The price for the second instalment, payable on or before 3 June next year, will not be decided until 20 May, but it will be between 150p and 190p, making a total price of between 340p and 380p.
This makes them something of a pig in a poke, but analysts have done the sums and pronounced the shares cheap on most basic criteria.
Even at 390p the full price of the shares is barely seven times the company's expected after-tax earnings in a year which has just ended, those shares are paying a notional dividend of up to 7.5 per cent gross on the current share price, and the dividend is covered a comfortable 2.6 times by the net earnings per share.
This is only half the average return on shares in the top 100 UK companies, which this week cost an average of almost 15 times their after-tax earnings, the dividends gross up to a bare 4 per cent on the share price and average dividends are covered only 2.13 times by earnings. The figures for the top 250 shares look even less competitive.
By all the classic definitions, Railtrack shares are suspiciously cheap. On any other share it would mean that the City thinks the company's growth prospects are zero and the dividend is likely to be cut. But in this case it does look as if the shares are being offered to up to two million members of a trusting public on whose votes the Government will hope to rely at election time within the next 12 months.
The calculations are based on estimated earnings of 53.8p a share for the year just ended, and a notional dividend of 20.6p. An actual dividend of 13.75p a share net, equal to 17.18p a share before tax will be paid on October 4 to all shareholders who are on the register on September.4. This will guarantee a yield of almost 20 per cent on the partly paid price.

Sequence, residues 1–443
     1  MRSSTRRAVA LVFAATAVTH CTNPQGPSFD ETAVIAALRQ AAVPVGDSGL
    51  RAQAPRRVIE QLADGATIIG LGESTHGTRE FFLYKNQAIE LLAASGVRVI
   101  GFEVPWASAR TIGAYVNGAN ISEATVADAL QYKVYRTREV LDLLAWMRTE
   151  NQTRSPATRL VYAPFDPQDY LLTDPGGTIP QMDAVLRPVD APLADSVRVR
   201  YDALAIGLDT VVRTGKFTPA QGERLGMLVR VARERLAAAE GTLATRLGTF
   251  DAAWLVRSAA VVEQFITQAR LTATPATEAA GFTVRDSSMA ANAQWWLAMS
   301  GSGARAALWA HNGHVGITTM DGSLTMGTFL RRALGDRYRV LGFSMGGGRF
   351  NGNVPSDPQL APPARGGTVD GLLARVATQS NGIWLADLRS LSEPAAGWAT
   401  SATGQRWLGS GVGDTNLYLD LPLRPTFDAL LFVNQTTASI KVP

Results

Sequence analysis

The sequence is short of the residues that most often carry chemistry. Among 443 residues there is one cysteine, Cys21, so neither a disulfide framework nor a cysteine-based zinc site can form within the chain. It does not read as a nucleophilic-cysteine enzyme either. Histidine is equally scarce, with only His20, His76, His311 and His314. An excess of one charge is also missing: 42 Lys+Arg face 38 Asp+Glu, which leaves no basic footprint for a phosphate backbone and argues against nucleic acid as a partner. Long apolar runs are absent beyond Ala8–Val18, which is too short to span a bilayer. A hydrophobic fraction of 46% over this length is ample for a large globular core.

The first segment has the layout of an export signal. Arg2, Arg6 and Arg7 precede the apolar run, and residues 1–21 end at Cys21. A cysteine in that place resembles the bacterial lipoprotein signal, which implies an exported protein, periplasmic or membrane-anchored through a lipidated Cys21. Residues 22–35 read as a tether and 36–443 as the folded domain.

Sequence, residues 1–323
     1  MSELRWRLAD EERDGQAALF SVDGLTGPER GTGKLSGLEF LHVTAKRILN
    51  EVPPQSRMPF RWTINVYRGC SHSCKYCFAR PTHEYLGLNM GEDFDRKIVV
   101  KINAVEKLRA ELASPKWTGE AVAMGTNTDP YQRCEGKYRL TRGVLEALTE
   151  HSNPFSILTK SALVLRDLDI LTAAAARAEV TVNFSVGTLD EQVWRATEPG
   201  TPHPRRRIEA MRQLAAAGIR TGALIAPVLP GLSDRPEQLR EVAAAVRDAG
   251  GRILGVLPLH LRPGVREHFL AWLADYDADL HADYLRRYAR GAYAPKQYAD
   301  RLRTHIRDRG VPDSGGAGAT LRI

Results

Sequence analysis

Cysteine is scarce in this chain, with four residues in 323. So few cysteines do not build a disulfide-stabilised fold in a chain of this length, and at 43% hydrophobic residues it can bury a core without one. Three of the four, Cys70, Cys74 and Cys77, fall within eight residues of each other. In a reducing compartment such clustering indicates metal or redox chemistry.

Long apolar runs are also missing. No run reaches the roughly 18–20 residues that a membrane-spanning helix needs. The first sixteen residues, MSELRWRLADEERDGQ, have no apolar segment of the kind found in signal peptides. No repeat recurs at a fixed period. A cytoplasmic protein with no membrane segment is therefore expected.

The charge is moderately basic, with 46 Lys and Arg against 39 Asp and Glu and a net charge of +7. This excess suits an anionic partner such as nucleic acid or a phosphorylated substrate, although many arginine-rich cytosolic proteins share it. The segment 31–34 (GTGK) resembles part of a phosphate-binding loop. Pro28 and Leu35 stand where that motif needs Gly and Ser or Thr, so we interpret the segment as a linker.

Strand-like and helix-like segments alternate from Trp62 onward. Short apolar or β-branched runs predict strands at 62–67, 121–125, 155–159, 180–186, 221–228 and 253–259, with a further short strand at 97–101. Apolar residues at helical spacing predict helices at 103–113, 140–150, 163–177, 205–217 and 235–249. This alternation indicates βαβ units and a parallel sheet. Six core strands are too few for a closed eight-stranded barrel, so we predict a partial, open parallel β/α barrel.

An interim dividend for the year just started will be paid next February and a final dividend in October 1997.
That should ensure guaranteed appreciation in the share price when dealings begin on 20 May. There is no guarantee that the price of the shares will not fall once the unsatisfied demand from institutions has been satisfied, but the extra dividend provides a cushion on the price, and an incentive for investors not to sell their allocation as soon as trading begins. The Railtrack shares will certainly fall when they go ex dividend in the autumn, however, and thereafter they will be increasingly vulnerable to the election of a Labour government that is determined to hold down rail fares.
Buy now, but watch for the best time to take a profit is the best advice to would-be Railtrack investors next week.Reuse content